The new President of Peru, Francisco Sagasti, is a naturalized Costa Rican because he was married to a Costa Rican woman.Sagasti was married for more than 11 years to the former liberationist deputy Silvia Charpentier, who is also director of the Central Bank, as recorded in the Civil Registry.As a result of this link, the new Peruvian president is the father of 25-year-old Amanda SagastiCharpentier.
Who is Francisco Sagasti?
The former World Bank official comes to the Presidency of Peru with the enormous challenge of managing a country shaken by a political crisis and a devastating Pandemic that has caused a severe recession.
Elected this Monday as the new president of Congress by his colleagues, he will assumed as President of Peru this Tuesday afternoon in a solemn session.At 76, Sagasti is a debutant in the political arena and in parliament, of which he has been a member since March 2020 as one of the nine legislators of the Morado party.
“Don QuijoteSagasti is the new president of Peru ! Now to fight against corruption and the political crisis !”, leftist congresswoman Rocío Silva Santisteban tweeted to greet the election of the new president of Congress and her country.
His gray beard contributes to his resemblance to Don Quixote, although the challenges of ruling Peru loom gigantic compared to the windmills faced by the famous character of Cervantes.
Sagasti’s moderation emerged as a letter of consensus among the congressional factions.His name allowed unlocking the crisis that began a week ago when thatsame forum dismissed Martín Vizcarra and lit the fuse of massive protests that left two people dead and a hundred injured.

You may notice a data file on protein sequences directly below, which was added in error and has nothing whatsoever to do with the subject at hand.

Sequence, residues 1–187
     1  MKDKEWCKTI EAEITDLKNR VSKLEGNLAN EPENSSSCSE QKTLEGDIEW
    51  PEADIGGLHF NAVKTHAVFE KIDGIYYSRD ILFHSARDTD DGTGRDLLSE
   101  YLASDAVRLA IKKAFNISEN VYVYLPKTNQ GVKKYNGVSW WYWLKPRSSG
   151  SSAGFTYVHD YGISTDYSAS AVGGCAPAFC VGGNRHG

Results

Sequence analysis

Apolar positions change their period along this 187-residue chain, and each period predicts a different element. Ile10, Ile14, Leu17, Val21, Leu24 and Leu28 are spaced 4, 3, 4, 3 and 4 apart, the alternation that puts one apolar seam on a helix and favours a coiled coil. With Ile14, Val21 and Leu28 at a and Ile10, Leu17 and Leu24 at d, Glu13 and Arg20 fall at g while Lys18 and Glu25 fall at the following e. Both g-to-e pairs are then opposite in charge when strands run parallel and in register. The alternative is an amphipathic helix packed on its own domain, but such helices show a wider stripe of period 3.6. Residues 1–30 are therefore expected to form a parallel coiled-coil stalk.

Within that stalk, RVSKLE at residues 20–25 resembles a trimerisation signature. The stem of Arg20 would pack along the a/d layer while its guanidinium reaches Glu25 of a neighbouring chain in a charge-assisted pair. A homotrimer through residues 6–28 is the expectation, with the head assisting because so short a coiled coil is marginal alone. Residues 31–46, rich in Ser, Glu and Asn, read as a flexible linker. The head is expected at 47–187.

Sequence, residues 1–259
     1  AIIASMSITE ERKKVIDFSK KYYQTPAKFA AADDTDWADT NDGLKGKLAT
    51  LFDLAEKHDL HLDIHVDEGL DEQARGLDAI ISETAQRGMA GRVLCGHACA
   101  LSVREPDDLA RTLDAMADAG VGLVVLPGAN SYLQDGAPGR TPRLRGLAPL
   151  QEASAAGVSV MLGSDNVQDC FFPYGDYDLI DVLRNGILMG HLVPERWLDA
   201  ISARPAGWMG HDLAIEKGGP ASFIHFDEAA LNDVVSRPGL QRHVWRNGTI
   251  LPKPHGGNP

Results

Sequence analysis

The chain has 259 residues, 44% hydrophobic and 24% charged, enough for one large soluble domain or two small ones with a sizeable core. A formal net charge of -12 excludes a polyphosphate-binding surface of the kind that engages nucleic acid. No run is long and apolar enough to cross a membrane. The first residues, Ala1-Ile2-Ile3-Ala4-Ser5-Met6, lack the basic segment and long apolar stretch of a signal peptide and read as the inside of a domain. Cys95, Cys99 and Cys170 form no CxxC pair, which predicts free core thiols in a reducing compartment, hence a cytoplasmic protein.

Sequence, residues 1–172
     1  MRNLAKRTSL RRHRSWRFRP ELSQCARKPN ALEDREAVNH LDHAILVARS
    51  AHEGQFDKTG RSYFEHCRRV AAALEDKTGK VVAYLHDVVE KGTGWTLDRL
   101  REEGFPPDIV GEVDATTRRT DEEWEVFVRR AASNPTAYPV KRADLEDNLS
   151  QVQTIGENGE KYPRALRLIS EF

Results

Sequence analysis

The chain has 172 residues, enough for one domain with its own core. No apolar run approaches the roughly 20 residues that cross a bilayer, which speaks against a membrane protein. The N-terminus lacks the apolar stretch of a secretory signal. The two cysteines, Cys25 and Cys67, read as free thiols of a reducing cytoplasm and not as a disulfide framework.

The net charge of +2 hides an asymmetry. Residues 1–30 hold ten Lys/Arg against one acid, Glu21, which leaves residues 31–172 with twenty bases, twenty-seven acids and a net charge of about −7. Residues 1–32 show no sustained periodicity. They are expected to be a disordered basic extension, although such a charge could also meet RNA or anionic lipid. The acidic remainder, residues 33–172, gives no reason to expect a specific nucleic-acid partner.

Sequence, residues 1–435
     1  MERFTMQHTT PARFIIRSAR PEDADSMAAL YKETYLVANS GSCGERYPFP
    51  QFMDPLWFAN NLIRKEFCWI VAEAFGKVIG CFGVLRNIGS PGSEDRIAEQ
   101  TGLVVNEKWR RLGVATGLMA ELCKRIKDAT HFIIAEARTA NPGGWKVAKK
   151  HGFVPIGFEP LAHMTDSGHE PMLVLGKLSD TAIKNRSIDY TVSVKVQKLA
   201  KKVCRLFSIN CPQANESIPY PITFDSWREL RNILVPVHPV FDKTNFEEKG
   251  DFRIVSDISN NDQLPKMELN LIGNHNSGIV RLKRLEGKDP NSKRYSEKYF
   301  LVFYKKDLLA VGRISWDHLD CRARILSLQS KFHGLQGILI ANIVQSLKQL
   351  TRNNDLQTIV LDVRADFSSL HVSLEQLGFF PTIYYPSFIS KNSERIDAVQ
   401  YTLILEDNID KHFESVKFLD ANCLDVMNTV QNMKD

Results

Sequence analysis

As leader of his Party`s congressional delegation, he supported the reasons why the party rejected Vizcarra’s removal.In Congress, he held the presidency of the Science, Innovation and Technology Commission.
Brief Biography of the new Peruvian President
He began in party politics in 2016 with the creation of the Purple Party, of which he is a co-founder.Trained as an industrial engineer at the National University of Engineering in Lima, he received his doctorate in social sciences at the United States from the Pennsylvania State University.
He worked at the World Bank as an advisor and head of the Strategic Planning Division in the late 1980s. Teaching at the Universidad delPacífico and at the Pontificia Universidad Católica del Perú. In Spain he taught at the Madrid Business Institute and in the United States at the Wharton School of Business at the University of Pennsylvania.
Grandson of war hero
Born in Lima on October 10, 1944, Sagasti is the grandson of Francisco SagastiSaldaña, who was part of the Peruvian army that defeated Chilean forces at the Battle of Tarapacá in November 1879. He later fought in other battles of the war.
His maternal family is of Austrian origin that settled in Chile.Sagasti was one of 700 hostages of the MRTA terrorist command that stormed the residence of the Japanese ambassador in Lima in December 1996 (until April 1997).
Music is one of his biggest hobbies: he plays piano, guitar, composes songs and loves classical music. In addition to exercising and eating well, he is “applying Johann Strauss’s recipe: he has a waltz called Wine, women and song… the way to stay young is what I would translate as: ‘wine, friends and songs,” he explained in a February 2017 interview with journalist Tamara Wong Fuster.
Married three times (one of them to the Costa Rican) and father of seven children, the new Peruvian president assures that he has already fulfilled the “mandatory marital service” for 37 years.